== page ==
Wednesday, 14 November 2012

Mary Queen of Scots Tour

Society member Jamie Sempill has recently embarked on a series of Marie Stuart tours and has submitted the following report on the first such tour. For further particulars:


The Inaugural Mary Queen of Scots tour.
Jamie can be seen extreme left while Society member Roy Johnstone who gave a fine talk to the Society earlier this month can be seen second right
The inaugural tour was a great success, with the notable exception of the weather, which decided in memory of Mary to replicate her arrival in Leith some 450 years ago; grey, misty and wet.
In fact, so bad was the weather that we arrived at Edinburgh Castle to find it closed on account of the conditions. Fortunately, the Museum of Scotland is close by, and provides  a wonderful insight into her reign plus allowing sufficient time for the Castle to re-open.  Bad weather, however, is good for team spirit, and adds to the sense of adventure. So by the time we toured Holyrood Palace and had been told the tale of Rizzio’s bloody murder, the dark rain filled sky had provided  the perfect backdrop.

The following day saw us in the Borders, where the dreek weather had decided to park itself for the day. The Mary Queen of Scots' House in Jedburgh is a real gem. It is dedicated to her memory and has been open to the public since 1930. One of the rooms has painted panels of all the key players in her reign, which helps in putting faces to the names which crop up throughout the tour. It is also a great example of a 16th. century tower house, which stands as a good contrast to the castles and palaces where she lived.
 It is incredible to think that during her very short reign she travelled over 1200 miles and stayed in 80 different properties, one of which, Traquair House, was our lunch time destination. This house is still lived in by the Maxwell-Stuarts, whose ancestor was the Captain of Queen Mary’s Royal Guard. The group, by now enjoying a rapidly clearing sky, was met by Catherine, the current Mistress of Traquair. It is Scotland’s oldest inhabited house and boasts its own brewery and chapel.

Craigmillar Castle sits on the outskirts of Edinburgh in a district known as Little France, on account of the number of French who lived in the area at the time of her reign. It was here that a group of her advisors decided that Darnley, by now a major political embarrassment, had to be removed. The Craigmillar bond is said to have been agreed to by Mary, but the document has never been found. The castle is a well maintained ruin and has a great view of both the city and the coastline. It is also very close to the Sheep’s Heid , Scotland’s oldest inn, and the perfect place to end the second day.
The final day started with a 10 minute boat trip on one of the country’s largest bird sanctuaries. We were blessed with clear blue skies and no wind. Loch Leven is probably more closely associated with Mary, than all the other properties bar Holyrood. She was held captive here for nearly a year during which time she had a miscarriage and was forced to abdicate her throne.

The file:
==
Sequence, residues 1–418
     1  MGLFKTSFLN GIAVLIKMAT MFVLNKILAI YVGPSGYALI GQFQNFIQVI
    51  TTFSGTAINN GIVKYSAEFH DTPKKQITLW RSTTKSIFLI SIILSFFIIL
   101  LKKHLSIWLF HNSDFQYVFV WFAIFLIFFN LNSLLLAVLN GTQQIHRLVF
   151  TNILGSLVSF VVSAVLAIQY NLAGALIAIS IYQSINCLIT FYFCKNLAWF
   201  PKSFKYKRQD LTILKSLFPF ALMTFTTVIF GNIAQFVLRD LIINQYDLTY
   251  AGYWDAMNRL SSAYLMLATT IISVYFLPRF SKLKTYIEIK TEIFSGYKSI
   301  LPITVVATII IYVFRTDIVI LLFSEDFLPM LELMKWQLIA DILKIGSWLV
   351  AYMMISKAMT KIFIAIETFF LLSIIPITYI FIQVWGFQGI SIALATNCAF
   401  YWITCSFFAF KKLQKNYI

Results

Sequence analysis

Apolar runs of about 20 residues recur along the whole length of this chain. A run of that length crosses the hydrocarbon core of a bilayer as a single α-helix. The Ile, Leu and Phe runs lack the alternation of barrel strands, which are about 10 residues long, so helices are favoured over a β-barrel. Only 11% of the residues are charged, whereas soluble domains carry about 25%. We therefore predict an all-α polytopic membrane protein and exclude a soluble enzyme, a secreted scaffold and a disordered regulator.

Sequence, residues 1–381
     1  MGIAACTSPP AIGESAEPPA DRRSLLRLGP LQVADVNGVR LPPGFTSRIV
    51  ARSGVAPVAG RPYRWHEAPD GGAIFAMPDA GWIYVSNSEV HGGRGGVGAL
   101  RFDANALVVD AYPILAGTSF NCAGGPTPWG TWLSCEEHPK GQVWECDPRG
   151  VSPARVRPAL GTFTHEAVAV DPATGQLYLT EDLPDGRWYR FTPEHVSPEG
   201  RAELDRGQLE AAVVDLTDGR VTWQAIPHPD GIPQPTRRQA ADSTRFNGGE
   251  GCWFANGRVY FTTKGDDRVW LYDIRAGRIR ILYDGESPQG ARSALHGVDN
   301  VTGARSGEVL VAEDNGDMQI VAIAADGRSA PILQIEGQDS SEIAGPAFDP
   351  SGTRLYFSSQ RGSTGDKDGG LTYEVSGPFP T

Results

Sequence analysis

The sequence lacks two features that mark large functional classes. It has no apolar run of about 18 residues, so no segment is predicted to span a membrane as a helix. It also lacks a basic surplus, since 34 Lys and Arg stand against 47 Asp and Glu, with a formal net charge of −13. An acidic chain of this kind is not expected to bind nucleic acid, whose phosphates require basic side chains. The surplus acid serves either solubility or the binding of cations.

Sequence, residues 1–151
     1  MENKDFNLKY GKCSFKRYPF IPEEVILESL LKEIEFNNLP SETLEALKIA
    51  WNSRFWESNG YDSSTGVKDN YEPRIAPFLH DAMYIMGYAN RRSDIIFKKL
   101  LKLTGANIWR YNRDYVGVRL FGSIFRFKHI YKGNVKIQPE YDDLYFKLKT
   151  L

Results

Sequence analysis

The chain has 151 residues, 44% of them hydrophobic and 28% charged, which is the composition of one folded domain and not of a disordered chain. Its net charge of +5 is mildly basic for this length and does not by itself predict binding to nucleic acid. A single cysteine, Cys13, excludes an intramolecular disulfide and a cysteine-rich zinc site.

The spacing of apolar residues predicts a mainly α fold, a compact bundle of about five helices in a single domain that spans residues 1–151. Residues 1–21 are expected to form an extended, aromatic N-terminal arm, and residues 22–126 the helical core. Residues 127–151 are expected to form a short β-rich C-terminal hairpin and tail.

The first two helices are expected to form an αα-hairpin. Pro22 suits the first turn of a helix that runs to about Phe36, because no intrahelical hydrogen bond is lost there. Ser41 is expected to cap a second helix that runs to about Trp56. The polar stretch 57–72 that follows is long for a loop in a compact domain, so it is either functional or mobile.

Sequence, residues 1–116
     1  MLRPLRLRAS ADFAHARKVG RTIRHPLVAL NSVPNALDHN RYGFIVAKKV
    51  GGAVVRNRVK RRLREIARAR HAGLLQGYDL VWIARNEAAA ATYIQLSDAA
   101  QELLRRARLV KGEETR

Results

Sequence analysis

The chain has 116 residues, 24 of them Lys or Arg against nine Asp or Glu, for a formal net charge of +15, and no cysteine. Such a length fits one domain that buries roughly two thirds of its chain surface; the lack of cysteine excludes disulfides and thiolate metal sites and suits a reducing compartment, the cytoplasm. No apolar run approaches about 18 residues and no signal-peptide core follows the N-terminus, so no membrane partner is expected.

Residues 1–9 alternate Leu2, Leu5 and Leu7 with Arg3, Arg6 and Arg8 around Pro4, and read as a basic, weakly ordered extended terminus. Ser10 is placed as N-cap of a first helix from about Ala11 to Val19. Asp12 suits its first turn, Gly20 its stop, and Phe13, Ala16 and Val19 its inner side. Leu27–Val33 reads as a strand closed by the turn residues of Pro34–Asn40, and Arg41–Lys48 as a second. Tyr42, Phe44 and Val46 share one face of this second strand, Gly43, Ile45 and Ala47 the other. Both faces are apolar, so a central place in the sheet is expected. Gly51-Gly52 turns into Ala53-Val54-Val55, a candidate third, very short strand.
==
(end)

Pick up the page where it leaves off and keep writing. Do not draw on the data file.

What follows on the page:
Falkland Palace is by contrast a far more inviting location. We had the great advantage of being guided by Lindsey Fowell, a member of the Marie Stuart Society. She was dressed as Mary and plays the role to perfection. The chapel is very special, and is still open to the local community. The palace also has the advantage of being well looked after and is still lived in by the Crichton-Stuart family, the hereditary Keepers of Falkland Palace.

The group’s last visit was to Stirling Castle, which recently won the award for the most popular tourist destination in Scotland. The restoration of the castle by Historic Scotland has been a major achievement and is very much the icing on the cake as far as the tour is concerned. The great advantage is that the restoration takes us back to what it would have looked like during her reign. This helps to show the power of the Stuarts and the impact of the renaissance on Scotland, all of which is greatly enhanced by the performance of the guides dressed in contemporary costume. They are a real tour de force.
Over dinner that evening, which I hosted in my home, it was quite apparent that the tour had been a great success. Importantly, it had been entertaining whilst informative. One of the group, Pauline, who lives on the isle of Skye, had really enjoyed seeing a part of Scotland that she had only ever driven through. I believe that key to the success of the tour had been how well the group had enjoyed each other’s company.

It was the first time I had run the tour, and I really enjoyed it. The fact that my family had had been party to many of the events that occurred during her reign, enabled me to provide a personal view, albeit with a small touch of poetic licence!
So if you are interested in knowing more about sixteenth century Scotland  and the reign of Mary Queen of Scots, call at, where you will find all the appropriate information about the tour.

Jamie Sempill


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